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May 16, 2017

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#IGWritersMay - Day 4 - Author Website

May 10, 2017

#IGWritersMay is an Instagram hashtag for writers to share their tips and experiences throughout the month, focusing on one topic each day. Created by Cheyanne Young (Instagram @NormalChey), YA author who's working on The Last Wish of Sasha Cade coming Fall 2018.

 

For Day 4, "Author Website," see the blog post duplicated below from:

 

 

I established my author marketing plan in the Summer of 2016 to earn the iUniverse Rising Star status, with plans to establish a Twitter, Instagram, Facebook, Goodreads, and Amazon profile by Spring of 2017. From those platforms, I've learned many things:

 

1) Instagram has the most activity, with Twitter in second, and Facebook in third.

2) Twitter has a circle of authors who follow-to-follow each other. It's all a numbers game. Does it mean they'll like your content? I certainly tried to support authors who followed me, but I think the relationship was simply one-way. Either that or they don't actually read the tweet feeds. It seems like there's only a handful out of 500 people that actually do.

3) Posting in IG, Twitter, and FB each day, on a specific schedule, became tiring sometimes and felt like the ROI wasn't worth it. With IG's activity, I wonder if I really need Twitter and FB as an author.

4) Since there was duplication of content across platforms, it never crossed my mind to build a website. "Why would anyone want to visit my site when all of the same information is available on apps that most people have?"

 

Then it hit me. Should I have included building a website in my marketing plan last year? Did I make a severe mistake by limiting my maximum marketing potential? If so, it's too late and I'll have to take the hit and work extra hard to make up for the loss of potential now that my novel's available for purchase at iUniverse, Barnes & Noble, and Amazon.

 

https://www.facebook.com/groups/booksgosocialauthors/

 

At this point, consultation was needed. I went straight to a FB author group called BooksGoSocial. To get in, you need to have published a book and available for sale. I posted a discussion on whether or not I needed a website based on the lessons learned above.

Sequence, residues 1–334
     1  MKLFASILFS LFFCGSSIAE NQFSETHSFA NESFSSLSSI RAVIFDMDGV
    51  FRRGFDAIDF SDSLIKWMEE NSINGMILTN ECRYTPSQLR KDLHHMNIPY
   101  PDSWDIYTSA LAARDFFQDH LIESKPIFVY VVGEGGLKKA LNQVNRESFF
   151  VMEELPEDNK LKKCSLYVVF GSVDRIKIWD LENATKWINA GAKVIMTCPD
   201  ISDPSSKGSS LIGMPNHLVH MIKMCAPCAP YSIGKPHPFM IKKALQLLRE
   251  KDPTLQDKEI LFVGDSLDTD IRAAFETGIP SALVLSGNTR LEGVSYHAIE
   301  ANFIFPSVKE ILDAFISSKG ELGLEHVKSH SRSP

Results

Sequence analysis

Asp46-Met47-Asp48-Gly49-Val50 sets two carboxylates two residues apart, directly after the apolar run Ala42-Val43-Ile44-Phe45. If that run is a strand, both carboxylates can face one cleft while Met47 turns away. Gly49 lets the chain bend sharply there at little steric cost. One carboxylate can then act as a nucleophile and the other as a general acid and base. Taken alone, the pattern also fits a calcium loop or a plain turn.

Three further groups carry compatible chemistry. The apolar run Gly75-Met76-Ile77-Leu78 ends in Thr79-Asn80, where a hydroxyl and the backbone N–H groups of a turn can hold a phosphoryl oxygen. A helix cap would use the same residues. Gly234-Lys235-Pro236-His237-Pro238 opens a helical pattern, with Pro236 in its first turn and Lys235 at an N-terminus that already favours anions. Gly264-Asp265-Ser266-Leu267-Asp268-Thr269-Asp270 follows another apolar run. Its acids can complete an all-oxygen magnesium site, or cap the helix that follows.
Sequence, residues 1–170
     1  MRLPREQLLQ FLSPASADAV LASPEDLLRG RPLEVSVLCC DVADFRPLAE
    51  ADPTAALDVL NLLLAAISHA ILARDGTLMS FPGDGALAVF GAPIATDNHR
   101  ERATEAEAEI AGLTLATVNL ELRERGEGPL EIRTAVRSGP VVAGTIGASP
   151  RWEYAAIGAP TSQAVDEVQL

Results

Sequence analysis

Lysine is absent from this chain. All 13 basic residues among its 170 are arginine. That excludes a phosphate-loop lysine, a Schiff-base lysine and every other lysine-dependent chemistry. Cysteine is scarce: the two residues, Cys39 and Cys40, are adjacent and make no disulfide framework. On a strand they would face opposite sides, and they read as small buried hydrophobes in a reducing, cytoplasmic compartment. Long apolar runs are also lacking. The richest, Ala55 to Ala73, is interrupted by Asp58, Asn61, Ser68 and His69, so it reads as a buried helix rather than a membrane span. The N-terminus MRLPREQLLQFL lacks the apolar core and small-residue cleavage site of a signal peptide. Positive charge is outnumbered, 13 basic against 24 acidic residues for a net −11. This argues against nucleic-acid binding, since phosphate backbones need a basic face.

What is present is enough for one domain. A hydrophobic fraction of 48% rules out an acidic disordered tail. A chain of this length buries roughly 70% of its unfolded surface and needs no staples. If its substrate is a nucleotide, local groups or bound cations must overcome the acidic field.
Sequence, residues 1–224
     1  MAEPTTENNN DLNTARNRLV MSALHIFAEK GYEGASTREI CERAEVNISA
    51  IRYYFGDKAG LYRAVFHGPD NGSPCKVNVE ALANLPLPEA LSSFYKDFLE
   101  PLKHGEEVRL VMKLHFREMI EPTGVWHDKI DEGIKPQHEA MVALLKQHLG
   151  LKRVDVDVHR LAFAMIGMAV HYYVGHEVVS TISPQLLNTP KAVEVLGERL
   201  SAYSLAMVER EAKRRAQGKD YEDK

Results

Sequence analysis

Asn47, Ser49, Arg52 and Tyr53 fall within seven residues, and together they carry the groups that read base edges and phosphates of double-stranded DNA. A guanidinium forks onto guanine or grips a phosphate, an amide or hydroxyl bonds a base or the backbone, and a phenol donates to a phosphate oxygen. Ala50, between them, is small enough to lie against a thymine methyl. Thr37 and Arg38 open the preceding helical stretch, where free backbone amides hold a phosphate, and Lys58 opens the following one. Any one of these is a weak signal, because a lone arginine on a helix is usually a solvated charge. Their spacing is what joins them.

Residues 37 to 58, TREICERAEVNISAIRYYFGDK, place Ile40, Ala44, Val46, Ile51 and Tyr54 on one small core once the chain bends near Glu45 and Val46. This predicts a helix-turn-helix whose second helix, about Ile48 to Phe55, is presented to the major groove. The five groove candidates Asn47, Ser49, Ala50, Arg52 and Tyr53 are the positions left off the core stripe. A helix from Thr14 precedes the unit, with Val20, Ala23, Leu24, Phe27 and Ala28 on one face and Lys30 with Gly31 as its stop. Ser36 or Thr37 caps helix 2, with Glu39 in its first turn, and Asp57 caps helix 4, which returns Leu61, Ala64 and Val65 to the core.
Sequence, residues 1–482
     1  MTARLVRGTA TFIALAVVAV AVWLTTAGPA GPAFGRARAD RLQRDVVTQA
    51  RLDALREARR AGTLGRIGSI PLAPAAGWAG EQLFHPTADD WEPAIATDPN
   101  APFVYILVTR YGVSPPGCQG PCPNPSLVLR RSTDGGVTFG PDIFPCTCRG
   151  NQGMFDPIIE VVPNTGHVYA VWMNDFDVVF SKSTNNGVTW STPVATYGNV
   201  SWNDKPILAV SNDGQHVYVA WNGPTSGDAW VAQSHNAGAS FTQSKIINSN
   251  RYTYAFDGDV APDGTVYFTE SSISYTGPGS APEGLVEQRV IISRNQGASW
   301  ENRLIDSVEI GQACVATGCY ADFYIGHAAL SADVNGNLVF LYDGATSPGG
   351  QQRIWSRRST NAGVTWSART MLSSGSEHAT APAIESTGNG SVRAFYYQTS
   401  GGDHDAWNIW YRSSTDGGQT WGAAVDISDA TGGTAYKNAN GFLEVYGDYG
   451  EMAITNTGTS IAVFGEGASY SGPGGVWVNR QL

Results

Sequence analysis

Responses: Everyone said "Yes." The disadvantage about social platforms is that your content gets buried in a feed over time, where on your site, it's permanent and you can always recall content to those social platforms whenever. The site should be the source of all of your information that feeds into IG, Twitter, and FaceBook.

 

OK. I definitely made a boo-boo with my marketing plan. It was time to get to work and build a site ASAP.

 

I used to build sites straight from HTML way back in the day, like American Online era. But since then HTML has evolved into more complex, more vibrant and functional website design system. I've been eyeing WordPress for a while and was sold with their opening page headline, "WordPress powers 27% of the internet." So I got an account, went Premium to get the Premium Template, and spent an entire weekend with nights and early mornings included to get my site as close to the template as possible, mostly through code. It was a pain in the freaking ass. I don't have time for that. Who does? I mean, there's a sequel to work on, writing contests to enter, independent bookstores to sell my debut novel, and raising kids and trying not to neglect my wife . . . coding is the last thing I want to do with my time.

 

Then, from a simple YouTube ad prior to watching a motivational, epic, instrumental writing music compilation, Wix shows how easy it is to build a website, straight off the template, in a matter of minutes. It was Word/PowerPoint, in a site builder. I thought, "Damn, I just spent $188 on WordPress when I should've spent it on Wix!" I thought it didn't get better than WordPress. So I looked into Wix and other sites from the blog comparison below:

 

https://www.codeinwp.com/blog/wix-vs-squarespace-vs-virb-vs-weebly-vs-wordpress-theme-builders/

 

Turns out, for me, Wix is the best option. So there I was, cancelling my WordPress account to get a refund to fund my Wix account. When I deactivated everything, I deactivated EVERYTHING, including my domain, josenllave.com, that turned out to be the best domain available. josen.com wasn't available. josenryw.com or rywjosen.com (RYW for Raise Your Weapon) just doesn't look right. jllave.com... josenllave.com worked best. I panicked, tried to find a WordPress customer support number only to learn that it doesn't exist and they operate through forums to handle issues. They responded and managed to reverse my domain cancellation. The cancel of the cancel. Now I have to transfer the domain to Wix.

 

In the meantime, I'm writing this very blog, my first blog, to see how my Wix site will look like with an article. I'm very satisfied with the move, despite the headache. But because of excitement and urgency, I always tend to act before I think. I learn through hardship. If you're reading my blog and made it to the very end of this article, I hope any of the info I provided helps you in your writing career. Thanks for your time.

 

 

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